Neeta Satam discusses combating colonialism and sensationalism in photographing “the other” to bring equitable discourse to photojournalism.

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Students in Kashmir discuss photographs during a workshop taught by photographer Showkat Nanda, @showkatnanda. Photo courtesy of AKS School of Photography and Visual Journalism

Years before I became a photojournalist, I was a geologist in awe of landscape photography. To hone my shooting skills, I began attending weekly meetings of photography enthusiasts at a local camera club in the Boston area.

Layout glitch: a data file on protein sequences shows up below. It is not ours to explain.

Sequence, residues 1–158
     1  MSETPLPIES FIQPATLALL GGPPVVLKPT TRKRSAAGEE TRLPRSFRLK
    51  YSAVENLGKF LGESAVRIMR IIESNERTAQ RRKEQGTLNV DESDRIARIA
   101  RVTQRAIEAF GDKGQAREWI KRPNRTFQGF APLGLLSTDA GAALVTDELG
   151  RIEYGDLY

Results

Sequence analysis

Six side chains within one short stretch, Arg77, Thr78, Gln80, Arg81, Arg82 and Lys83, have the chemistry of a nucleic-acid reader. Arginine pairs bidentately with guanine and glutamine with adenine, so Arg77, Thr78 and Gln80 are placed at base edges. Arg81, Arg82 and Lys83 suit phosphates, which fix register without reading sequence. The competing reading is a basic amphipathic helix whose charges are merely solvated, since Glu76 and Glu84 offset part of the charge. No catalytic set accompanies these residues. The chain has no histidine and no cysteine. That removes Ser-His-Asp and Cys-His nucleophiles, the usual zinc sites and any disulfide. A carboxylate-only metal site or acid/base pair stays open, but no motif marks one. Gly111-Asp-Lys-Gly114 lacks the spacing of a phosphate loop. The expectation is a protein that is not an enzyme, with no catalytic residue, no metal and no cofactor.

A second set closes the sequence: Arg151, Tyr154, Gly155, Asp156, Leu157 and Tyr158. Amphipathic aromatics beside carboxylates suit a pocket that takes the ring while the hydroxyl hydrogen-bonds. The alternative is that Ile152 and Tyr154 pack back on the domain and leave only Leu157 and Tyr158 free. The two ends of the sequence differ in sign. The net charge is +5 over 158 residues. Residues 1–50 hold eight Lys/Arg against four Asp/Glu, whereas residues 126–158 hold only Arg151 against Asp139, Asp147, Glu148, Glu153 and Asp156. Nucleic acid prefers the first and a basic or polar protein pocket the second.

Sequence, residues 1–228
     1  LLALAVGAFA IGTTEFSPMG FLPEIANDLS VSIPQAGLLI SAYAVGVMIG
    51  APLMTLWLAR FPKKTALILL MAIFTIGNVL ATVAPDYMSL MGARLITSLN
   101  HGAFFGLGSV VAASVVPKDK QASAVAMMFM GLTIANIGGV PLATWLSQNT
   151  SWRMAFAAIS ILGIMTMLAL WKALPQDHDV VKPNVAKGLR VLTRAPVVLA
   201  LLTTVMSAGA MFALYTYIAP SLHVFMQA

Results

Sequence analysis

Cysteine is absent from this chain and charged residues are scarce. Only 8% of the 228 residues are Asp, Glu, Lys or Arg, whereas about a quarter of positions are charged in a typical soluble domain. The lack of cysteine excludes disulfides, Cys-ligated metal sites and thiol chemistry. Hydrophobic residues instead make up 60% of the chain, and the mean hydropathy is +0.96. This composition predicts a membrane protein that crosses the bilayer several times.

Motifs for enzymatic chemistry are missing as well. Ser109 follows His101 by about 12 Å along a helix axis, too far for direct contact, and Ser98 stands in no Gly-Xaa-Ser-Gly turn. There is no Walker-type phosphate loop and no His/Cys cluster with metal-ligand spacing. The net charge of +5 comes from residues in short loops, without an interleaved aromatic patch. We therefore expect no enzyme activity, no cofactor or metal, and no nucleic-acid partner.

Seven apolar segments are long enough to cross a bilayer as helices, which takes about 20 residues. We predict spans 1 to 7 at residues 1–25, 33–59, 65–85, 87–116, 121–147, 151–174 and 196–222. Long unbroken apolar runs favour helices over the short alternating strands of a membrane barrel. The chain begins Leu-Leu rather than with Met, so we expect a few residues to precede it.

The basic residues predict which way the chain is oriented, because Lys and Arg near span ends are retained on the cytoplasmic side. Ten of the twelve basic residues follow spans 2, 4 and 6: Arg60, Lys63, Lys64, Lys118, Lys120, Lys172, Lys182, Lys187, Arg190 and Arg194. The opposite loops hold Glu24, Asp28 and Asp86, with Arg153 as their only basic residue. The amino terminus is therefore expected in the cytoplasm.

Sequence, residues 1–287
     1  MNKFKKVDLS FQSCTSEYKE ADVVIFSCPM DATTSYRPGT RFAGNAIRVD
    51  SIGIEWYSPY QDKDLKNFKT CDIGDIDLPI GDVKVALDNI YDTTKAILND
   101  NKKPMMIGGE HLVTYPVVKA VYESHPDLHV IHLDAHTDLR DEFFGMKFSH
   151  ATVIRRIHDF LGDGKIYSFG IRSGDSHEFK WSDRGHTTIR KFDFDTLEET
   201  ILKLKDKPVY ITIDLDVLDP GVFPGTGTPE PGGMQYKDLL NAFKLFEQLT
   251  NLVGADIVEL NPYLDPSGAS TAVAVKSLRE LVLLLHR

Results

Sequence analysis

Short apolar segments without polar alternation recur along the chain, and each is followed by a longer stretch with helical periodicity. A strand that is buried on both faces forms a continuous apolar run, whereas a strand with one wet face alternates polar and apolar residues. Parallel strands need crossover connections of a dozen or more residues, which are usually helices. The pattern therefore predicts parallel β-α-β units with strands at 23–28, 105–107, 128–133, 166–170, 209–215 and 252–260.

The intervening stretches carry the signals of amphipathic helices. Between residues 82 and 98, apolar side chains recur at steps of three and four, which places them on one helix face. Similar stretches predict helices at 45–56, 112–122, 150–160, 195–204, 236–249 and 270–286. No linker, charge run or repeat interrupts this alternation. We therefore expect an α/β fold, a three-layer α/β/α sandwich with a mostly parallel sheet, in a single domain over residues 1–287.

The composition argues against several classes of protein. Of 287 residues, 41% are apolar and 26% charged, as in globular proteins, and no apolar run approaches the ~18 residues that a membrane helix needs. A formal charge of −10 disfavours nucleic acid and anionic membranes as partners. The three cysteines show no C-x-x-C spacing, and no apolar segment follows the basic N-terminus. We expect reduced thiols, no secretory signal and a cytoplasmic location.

In the first few meetings, I noticed the club was dominated by wealthy men who spent enormous amounts of money on the latest gear and “photo expeditions” to foreign countries. The equipment they owned and the countries they visited seemed like status symbols among this circle.

I often wondered, what if the “subjects” from the countries they visited showed up in the United States to snap pictures of them mowing their front yards or of their grandkids jumping on a trampoline?

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